The Egyptian economy has lost $3.7 billion (Dh13.58 billion) in 2009 due to child malnutrition and stunted growth.
That was the conclusion of a recent UN study. Entitled, “The Cost of Hunger in Africa; the Social and Economic Impact of Child Under nutrition in Egypt ” the study measures the losses to the economy caused by child under nurishment, especially the effects of growth stunting and chronic malnutrition.
“The study shows the problem in figures, so governments would have a strong motivation to take action,” said Reem Nada, regional press officer at the UN World Food Programme (WFP). “When we speak of hunger or stunting, people don’t think it is an important problem. That is why it is important to see how much a country loses because of that problem,” she added to Gulf News.
For example, there were 79,000 cases of students repeating their classes in 2009, costing the government nearly 271 million Egyptian pounds ($ 38.73 million), she noted.
Another example in the study, which was also based on data received from 2009, the most recent complete set of records, is related to children’s health.
“40 per cent of adults in Egypt are stunted,” the study concluded. “This represents more than 20 million people of working age who are not able to achieve their potential, as a consequence of child undernutrition.
“In rural Egypt, where most people are engaged in manual activities, it is estimated that in 2009 alone, a value of 10.7 billion Egyptian pounds ($ 1.53 billion) of economic productivity was lost due to lower physical capacity by those who were stunted as children.”
Illnesses linked to child under nutrition were also estimated to result in health costs equivalent to 1.2 billion Egyptian pounds ($ 170 million), the study concluded.
“Today, there are more stunted children in Egypt than 10 years ago, with data from Egypt’s Demographic Health Survey highlighting an upward trend in stunting between 2005 and 2008, reaching 28.9 per cent amongst children under the age of five,” the study said.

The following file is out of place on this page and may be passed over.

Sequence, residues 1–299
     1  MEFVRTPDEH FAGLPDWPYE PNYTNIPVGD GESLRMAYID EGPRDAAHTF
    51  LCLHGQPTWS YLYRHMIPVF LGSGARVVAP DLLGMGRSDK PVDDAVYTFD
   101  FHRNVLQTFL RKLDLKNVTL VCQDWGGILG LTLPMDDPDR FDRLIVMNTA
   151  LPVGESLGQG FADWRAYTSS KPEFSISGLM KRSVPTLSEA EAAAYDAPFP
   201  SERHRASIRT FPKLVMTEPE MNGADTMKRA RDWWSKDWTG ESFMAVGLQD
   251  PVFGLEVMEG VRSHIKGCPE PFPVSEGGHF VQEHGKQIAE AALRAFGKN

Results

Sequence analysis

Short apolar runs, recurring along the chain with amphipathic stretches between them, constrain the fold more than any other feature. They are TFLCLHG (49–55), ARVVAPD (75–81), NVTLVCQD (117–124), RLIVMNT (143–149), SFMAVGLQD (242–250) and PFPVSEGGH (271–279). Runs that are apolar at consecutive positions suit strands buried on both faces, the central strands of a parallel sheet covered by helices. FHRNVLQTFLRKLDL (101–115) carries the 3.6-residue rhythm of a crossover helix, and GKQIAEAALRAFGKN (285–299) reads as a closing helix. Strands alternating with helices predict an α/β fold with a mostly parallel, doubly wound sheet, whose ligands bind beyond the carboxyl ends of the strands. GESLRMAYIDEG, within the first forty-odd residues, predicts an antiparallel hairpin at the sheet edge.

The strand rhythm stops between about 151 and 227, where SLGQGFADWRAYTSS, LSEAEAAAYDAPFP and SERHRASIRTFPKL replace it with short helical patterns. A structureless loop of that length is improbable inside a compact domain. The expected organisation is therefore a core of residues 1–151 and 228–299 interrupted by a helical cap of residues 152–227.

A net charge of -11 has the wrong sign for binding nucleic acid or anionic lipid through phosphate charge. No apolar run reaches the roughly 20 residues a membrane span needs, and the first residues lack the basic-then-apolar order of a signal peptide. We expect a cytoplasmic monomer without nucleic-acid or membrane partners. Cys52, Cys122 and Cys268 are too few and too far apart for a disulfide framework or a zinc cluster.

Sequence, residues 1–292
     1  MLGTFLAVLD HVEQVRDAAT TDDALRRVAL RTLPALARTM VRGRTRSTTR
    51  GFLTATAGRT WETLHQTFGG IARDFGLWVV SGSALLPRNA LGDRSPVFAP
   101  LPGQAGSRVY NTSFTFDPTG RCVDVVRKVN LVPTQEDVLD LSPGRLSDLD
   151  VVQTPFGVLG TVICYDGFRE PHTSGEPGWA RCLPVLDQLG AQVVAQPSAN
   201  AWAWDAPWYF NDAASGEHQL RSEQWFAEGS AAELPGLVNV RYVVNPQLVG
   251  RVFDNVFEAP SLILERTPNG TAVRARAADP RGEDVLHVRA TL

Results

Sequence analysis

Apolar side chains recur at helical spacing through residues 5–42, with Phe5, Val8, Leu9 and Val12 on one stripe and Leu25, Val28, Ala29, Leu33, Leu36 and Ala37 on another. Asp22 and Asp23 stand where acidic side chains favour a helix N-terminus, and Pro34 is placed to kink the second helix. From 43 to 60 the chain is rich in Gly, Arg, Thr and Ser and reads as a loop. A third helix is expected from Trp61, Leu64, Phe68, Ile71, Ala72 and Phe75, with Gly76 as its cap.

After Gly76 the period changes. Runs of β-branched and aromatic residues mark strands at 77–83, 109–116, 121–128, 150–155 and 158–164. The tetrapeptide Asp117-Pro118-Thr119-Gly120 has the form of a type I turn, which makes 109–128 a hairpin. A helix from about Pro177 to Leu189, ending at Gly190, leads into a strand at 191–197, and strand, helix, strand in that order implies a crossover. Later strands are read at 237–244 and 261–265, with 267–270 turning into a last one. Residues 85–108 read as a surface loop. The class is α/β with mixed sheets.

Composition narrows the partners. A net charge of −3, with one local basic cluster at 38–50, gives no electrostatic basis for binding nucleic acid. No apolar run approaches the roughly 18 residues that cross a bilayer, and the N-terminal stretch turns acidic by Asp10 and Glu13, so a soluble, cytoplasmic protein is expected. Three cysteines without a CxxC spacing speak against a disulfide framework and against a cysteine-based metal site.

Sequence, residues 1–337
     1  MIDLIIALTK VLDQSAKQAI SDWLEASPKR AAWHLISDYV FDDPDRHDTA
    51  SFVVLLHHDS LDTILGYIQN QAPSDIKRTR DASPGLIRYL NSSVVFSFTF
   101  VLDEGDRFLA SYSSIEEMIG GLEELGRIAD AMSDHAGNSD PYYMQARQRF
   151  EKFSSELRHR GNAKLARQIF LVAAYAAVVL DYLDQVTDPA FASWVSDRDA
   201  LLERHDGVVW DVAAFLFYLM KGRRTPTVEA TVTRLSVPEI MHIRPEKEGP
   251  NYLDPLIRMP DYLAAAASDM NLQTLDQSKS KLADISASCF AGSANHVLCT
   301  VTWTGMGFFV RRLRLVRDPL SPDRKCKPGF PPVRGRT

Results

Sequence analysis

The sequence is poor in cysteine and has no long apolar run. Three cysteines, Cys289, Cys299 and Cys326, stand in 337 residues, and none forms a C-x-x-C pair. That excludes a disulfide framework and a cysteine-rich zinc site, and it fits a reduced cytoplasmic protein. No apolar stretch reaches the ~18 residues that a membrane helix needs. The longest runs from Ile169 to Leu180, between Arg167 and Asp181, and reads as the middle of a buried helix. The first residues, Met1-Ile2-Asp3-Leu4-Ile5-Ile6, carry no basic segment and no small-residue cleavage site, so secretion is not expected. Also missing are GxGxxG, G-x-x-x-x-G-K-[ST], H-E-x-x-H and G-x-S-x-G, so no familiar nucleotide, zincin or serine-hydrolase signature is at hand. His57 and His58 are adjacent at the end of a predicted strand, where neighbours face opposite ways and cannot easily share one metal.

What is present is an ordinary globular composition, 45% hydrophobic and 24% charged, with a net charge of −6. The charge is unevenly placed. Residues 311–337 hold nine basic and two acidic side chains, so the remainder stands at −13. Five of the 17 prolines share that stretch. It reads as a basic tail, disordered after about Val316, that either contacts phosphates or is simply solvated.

Stunting, which the UN defines as low height for age, results when children miss out on critical nutrients including proteins, vitamins and minerals, and this starts from the womb or in the first five years of life.
People affected by stunting are more likely to get sick in the future, perform poorly at school, repeat classes or drop out altogether.
They are also less productive at work and could die earlier. “The losses the government is incurring in the health and education sectors could be reversed should the issue of malnutrition among children be treated at early age, because this problem cannot be treated when people grow up,” said Reem.
On the other hand, Egyptian officials commented on the study by stressing “food security is at the top of the agenda of the Egyptian government after January 25, 2011 revolution.
Yasser Ali, former head of the IDSC, said: “Human capital is the backbone of Egypt’s future development, especially since 31 per cent of Egypt’s total population is below the age of 15, which presents a human wealth that should be used well.”
The study was conducted by the Cabinet’s Information and Decision Support Centre (IDSC), in cooperation with the WFP, the African Union Commission and the United Nations Economic Commission for Africa (Uneca).
Egypt’s study was part of a 12-country study in Africa to highlight that under nutrition is a health and economic issue, a UN statement noted.
The study, which is being financed by the Government of France, the African Development Bank and WFP, will also include Botswana, Burkina Faso, Cameroon, Ethiopia, Ghana, Kenya, Malawi, Mauritania, Rwanda and Swaziland.
Uganda was the first to carry out the study. The results were announced late last month. It was concluded that the African country loses 1.8 trillion Ugandan shillings ($ 694.8 million) annually - as much as 5.6 per cent of its Gross Domestic Product - due to the effects of malnutrition.
Treating diarrhoea, anaemia, respiratory infections and other clinical conditions related to malnutrition cost 526 billion Ugandan shillings ($ 203 million). Losses in productivity reached 417 billion Ugandan shillings ($ 161 million) in manual sectors, such as agriculture, and 241 billion Ugandan shillings ($93 million) in non-manual activities, due to lower educational levels.
In the educational sector, the study estimated that 7 per cent of all repetitions in school are associated with stunting.
This represented 134,000 repetitions for an estimated cost of 20 billion Ugandan shillings ($ 7.72 million), for the government and the families.
“These are extremely worrying findings,” Prime Minister Amama Mbabazi, whose office participated in the study, was quoted as saying. “They will guide the Government of Uganda towards adopting policies that prevent unnecessary losses of human and economic potential.”